- Maximum connector degree, : it is the maximum number of nodes a connector is connected to. It is computed as the maximum number of scheduling constraints of connector tasks. As in the previous metric, all scheduling constraints are included.
- Density of plans, : it measures the level of clustering in a process model. It quantifies how many among the total number of tasks in the graph are plans, and it is computed as the ratio of the number of plans to the total number of tasks of the graph.
- Percentage of single-node plans, : it is a measure of how fragmented is the model respect to single-node plans. Single-node plans capture excessive fragmentation. This metric is computed as the ratio of plans that contain a single node to the total number of plans.
- Average size of a plan, : t is a measure of how dense is a plan. That is, how many tasks plans have on average. In order to compute it, we have consider the size of all the plans of the model (P).
- Percentage of plans whose size is above average size, : it is measure of how homogeneous plans are in size. It is computed as the number of plans whose size is above average (see previous metric) to the total number of plans.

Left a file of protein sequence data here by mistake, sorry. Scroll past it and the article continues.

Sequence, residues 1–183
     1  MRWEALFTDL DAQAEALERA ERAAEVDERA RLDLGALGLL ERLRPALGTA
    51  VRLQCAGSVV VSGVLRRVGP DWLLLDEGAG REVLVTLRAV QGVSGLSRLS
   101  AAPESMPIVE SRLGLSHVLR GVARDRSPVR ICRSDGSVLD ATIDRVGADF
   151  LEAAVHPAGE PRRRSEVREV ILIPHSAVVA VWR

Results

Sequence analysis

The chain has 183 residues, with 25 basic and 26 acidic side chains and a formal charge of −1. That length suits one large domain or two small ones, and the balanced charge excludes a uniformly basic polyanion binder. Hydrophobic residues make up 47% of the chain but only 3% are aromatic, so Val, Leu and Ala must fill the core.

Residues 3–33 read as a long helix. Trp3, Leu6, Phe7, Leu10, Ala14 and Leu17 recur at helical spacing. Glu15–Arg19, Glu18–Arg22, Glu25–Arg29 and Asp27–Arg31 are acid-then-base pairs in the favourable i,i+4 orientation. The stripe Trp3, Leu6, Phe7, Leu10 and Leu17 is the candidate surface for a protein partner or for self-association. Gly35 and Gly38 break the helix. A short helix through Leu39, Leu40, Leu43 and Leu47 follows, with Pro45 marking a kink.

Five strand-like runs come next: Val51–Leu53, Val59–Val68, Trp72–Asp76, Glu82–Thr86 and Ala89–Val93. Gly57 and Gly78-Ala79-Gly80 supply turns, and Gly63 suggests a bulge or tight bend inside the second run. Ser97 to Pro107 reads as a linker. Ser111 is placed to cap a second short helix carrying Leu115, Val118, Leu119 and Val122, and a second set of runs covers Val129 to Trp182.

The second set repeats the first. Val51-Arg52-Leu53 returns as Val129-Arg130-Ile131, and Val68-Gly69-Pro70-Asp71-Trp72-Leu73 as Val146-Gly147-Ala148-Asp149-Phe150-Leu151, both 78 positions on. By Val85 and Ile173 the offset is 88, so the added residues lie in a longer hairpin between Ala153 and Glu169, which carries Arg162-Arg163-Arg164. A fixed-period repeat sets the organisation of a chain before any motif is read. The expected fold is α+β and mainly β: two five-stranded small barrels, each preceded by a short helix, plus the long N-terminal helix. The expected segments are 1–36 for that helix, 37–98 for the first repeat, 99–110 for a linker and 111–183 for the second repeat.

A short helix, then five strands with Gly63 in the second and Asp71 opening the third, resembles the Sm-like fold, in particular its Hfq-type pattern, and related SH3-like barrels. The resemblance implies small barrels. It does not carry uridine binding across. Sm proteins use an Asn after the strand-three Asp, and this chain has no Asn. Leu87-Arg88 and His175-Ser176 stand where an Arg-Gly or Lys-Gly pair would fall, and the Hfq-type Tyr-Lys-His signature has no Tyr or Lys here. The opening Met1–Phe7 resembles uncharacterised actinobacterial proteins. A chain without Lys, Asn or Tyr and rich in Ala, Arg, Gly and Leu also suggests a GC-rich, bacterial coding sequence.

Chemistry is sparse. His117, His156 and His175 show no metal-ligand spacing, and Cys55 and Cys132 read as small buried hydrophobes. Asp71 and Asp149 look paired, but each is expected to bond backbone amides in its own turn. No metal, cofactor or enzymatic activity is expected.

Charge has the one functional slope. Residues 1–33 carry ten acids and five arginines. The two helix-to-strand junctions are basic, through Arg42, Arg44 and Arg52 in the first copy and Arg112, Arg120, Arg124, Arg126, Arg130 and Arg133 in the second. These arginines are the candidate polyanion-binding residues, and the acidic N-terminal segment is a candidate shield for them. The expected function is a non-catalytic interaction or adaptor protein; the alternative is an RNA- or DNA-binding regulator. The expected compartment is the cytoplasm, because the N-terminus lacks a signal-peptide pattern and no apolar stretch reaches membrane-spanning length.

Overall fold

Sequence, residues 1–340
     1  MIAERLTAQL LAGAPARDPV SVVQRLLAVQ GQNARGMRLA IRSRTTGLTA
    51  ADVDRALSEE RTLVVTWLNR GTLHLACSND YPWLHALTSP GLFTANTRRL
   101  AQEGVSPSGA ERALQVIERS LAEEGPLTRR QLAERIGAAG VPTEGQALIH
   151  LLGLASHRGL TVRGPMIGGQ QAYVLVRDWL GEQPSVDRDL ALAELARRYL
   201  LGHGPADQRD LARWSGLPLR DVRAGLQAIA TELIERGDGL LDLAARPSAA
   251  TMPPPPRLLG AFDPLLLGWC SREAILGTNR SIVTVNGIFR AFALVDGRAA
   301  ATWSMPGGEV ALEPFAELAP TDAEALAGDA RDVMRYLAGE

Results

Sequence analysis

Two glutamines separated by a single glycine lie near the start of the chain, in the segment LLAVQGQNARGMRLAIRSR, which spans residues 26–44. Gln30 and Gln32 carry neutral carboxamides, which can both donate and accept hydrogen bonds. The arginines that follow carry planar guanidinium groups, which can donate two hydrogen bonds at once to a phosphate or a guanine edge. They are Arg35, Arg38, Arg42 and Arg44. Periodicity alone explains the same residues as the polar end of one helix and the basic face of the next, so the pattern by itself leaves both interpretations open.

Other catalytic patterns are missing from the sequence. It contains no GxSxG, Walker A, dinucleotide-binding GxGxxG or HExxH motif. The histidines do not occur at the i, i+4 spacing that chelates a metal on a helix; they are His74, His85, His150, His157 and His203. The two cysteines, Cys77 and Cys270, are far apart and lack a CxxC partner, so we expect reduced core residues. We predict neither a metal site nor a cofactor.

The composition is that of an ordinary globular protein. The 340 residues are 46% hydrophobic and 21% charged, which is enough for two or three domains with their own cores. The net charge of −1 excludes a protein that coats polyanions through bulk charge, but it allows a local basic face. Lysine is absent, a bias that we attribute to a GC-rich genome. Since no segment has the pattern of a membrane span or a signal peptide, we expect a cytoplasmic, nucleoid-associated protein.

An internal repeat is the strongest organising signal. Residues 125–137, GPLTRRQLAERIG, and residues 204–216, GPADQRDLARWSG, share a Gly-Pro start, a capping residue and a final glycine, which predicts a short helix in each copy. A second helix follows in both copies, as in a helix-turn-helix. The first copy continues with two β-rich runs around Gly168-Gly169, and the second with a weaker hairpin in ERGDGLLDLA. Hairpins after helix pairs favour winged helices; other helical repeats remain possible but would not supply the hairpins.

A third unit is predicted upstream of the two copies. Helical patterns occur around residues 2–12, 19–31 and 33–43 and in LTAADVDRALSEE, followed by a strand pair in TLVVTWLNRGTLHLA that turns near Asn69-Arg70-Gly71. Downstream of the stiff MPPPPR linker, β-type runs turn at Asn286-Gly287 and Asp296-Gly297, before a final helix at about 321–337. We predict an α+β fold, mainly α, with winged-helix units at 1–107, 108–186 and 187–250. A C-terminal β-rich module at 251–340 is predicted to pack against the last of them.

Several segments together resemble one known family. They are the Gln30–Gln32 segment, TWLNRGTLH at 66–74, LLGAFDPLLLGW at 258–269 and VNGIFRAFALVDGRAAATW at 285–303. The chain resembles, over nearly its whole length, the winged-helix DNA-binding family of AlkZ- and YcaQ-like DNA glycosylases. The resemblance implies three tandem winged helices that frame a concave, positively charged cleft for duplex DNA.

- Decision density, : it is a measure of how dense is the graph respect to this specific PROforma element. It is computed as the ratio of the number of nodes that correspond to decisions to the total number of tasks in the graph. The number of decisions, , is a new metric described in Section 2.2.4.
2.2.3. Partitionability Metrics
- Separability, : it tries to capture how far certain parts of the model can be considered in isolation. An increase in the value of this metric might imply a simpler model. It is computed as the ratio of cut vertices to tasks. A cut vertex (or articulation point) is a node whose deletion separates the graph into several components.
- Sequentiality, : it measures how sequential is a plan. This metric relates to the fact that sequences of nodes are the most simple components in a graph. It is calculated as the ratio of the maximum possible number of scheduling constraints between non-connector tasks to the total number of scheduling constraints.
- Structuredness, : it measures how far a process model is made of nesting blocks of matching join and split connectors. For this metric, it is necessary to obtain the reduced process graph applying the graph reduction rules defined by Mendling . Structuredness is computed as one minus the number of tasks in the reduced process graph, , divided by the number of tasks in the original process graph. The structuredness value for a structured graph is 1.
- Depth, : it is related to the maximum nesting of structured blocks in a graph. It is computed as the maximum depth of all nodes, where the depth of a node is calculated as the minimum of the in-depth and out-depth of the node. The in-depth refers to the maximum number of split connectors that must be traversed in a path reaching the node from the start node, minus the number of join connectors in the same path. The out-depth is defined analogously with respect to the end node.